I found The Girl Who Kicked the Hornet’s Nest to be a proper ending to the Millennium trilogy, not a perfect ending per se, but I thought it was a suitable way to complete the overall story. A little bit off course from the last two films but I still thought this was a pretty well done series of films and the first is undoubtedly the best. There is less focus on action and Lisbeth’s antics and it’s more or less Mikael’s turn to save the day in a courtroom drama setting, trying to uncover a conspiracy that points the finger of the law at Lisbeth for catching a triple homicide wrap.
I like how the style was carried through…
While Lisbeth is for sure the main topic of the second and third books/films, the character is relegated to watching from the sidelines while Mikael tries to save the day. Her dwindling presence coincides with the series becoming less and less interesting; Lisbeth Salander is why people read these books and watch these films--not Mikael. And such, The Girl Who Kicked the Hornet's Nest is a little bit of a slog to get through as we're taken beyond the governmental red tape to navigate a political web of lies and cover-ups.
It's difficult to review this one without ruining much of the second film for those of you who have yet to see it, so forgive me for keeping the plot details sparse. Suffice it to say however that the final film in the Millennium trilogy is a worthy bookend to a highly entertaining series.
This film is a bit more subdued than the first two in regards to action, but there is a government conspiracy, a handful of murders and some solid courtroom drama to be found as well as even more revelations into Lisbeth Salander's mysterious past. Once again the transition from film to film is seamless (with the same director tackling the last two films), and all the…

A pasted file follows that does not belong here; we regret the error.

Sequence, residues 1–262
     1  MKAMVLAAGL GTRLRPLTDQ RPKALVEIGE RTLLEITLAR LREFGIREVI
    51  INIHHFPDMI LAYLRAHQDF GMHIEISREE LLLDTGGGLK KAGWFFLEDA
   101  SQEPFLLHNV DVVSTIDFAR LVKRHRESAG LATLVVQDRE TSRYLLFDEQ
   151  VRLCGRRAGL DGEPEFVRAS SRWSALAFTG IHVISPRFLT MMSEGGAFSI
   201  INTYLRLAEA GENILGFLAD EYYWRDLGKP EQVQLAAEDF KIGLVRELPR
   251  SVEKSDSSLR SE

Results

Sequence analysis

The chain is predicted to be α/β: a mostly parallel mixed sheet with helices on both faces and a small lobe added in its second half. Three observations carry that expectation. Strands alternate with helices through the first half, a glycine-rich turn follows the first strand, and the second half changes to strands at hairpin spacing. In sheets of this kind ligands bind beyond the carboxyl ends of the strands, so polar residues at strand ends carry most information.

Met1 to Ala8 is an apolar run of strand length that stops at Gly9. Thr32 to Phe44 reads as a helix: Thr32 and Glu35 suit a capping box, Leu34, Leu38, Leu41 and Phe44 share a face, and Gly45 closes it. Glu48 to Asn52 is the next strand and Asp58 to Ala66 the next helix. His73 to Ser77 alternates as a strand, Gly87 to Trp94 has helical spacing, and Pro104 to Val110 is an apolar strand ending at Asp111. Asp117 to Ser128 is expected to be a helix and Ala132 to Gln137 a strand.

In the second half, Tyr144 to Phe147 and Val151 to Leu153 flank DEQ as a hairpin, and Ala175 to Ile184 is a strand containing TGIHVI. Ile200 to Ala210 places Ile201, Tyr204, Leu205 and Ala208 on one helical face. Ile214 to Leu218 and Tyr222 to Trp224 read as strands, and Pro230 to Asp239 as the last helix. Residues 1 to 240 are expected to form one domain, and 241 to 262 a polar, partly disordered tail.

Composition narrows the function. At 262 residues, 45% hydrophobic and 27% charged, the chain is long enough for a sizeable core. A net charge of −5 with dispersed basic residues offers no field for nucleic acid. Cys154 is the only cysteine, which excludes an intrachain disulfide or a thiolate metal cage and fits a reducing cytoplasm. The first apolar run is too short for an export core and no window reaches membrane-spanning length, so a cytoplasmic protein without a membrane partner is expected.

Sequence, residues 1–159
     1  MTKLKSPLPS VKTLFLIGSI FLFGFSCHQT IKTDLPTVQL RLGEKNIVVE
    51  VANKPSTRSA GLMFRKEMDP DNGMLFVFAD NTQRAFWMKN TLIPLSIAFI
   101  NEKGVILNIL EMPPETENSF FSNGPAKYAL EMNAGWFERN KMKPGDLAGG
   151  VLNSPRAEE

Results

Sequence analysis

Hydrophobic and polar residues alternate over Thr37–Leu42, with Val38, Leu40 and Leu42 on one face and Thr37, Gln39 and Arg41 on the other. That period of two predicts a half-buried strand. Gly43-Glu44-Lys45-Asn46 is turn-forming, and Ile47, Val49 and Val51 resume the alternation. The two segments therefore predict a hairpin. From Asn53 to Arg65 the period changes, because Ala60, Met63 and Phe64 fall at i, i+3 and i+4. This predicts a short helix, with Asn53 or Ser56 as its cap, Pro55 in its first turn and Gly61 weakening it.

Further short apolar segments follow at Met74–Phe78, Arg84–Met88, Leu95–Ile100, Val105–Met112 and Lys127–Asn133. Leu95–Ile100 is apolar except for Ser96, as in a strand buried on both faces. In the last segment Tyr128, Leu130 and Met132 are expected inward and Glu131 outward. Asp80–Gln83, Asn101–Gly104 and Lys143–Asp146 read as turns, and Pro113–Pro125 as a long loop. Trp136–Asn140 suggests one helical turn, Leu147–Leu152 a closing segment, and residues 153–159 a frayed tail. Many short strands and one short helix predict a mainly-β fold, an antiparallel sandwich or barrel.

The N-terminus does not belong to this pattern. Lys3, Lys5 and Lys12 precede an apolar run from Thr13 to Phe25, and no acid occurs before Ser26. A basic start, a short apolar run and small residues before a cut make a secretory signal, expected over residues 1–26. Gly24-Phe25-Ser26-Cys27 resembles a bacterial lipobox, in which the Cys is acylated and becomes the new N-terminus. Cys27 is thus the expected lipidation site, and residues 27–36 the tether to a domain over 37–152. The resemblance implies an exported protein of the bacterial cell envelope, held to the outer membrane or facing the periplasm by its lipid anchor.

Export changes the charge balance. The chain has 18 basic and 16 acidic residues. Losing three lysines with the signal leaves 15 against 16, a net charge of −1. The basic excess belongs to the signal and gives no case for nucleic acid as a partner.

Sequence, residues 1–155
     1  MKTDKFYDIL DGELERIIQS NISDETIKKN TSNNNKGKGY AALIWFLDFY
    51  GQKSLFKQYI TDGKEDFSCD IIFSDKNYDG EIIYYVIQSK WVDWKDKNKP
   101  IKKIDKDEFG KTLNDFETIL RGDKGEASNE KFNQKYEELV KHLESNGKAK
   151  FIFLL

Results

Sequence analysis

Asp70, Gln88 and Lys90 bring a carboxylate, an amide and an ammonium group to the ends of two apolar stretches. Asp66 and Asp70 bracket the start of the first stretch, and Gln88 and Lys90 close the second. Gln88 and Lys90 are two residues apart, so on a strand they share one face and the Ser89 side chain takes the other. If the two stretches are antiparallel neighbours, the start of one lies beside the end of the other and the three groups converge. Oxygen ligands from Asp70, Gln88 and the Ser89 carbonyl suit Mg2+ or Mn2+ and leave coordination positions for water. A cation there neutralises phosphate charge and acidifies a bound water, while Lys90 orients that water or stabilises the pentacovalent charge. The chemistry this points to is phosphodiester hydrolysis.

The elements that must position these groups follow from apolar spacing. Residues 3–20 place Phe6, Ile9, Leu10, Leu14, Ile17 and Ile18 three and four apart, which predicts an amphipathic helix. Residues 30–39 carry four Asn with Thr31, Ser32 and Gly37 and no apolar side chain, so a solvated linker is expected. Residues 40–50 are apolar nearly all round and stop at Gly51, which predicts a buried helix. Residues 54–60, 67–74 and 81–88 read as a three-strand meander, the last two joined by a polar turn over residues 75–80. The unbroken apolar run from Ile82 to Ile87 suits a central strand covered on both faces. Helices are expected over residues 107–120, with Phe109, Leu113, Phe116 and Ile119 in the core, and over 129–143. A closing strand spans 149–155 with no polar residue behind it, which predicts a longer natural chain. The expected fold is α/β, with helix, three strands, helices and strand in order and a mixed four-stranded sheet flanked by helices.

Picking up right where The Girl Who Played With Fire left off to round out what ultimately became an unnecessary trilogy, The Girl Who Kicked the Hornet's Nest largely sidelines its title character to pursue subpar political intrigue and courtroom drama. In fact, for much of the film, Lisbeth Salander (Noomi Rapace) simply refuses to speak to anyone, and beyond being a somewhat inexplicable part of the plot, I frankly couldn't blame her.
A really good conclusion to the original Swedish trilogy. Really want to see this book and the second book, The Girl Who Played With Fire, made and produced in English and directed by David Fincher and starring Daniel Craig and Rooney Mara.
Epictastic is my rating.
I wouldn't say these sequels have been outright disappointments for me, but neither of them came close to living up to the brilliance of 'The Girl With the Dragon Tattoo.' This one is ... okay. Well-made, I guess, but very uneventful. For the first half of the movie, Lisbeth Salander quite literally does nothing except lay in a hospital bed. It sucks that such an awesome character is given so little to do. The movie is focused almost entirely on Blomkvist, who (while not a bad character) is not particularly interesting.
Well-acted, but otherwise kind of a bore.
big improvement over played with fire. still very different from the book but not hard to watch.
Sinds vandaag maak ik deel uit van de website Filmblogs.nl. Nostra van De Filmkijker stak deze site in elkaar met als bedoeling filmbloggend Nederland en (een beetje) Vlaanderen te verenigen op 1 filmblog-website. Ik ben dan ook heel vereerd dat ik deel mag uitmaken van dit selecte clubje. Ik bevind mij in goed gezelschap en lees dan ook regelmatig posts van collega-bloggers die op de site staan. Langs de andere kant betekent dat natuurlijk ook dat ik de lat, die bijzonder hoog ligt voor mezelf, nog hoger moet leggen en nog meer mijn woorden moet wikken en wegen om toch maar die juiste zinsconstructie uit mijn toetsenbord te toveren.
In mijn recensies van Män som hatar kvinnor en…
Not "gay with exceptions". Not "curious". Not doing it for the sake of a plot twist or a neat ending.…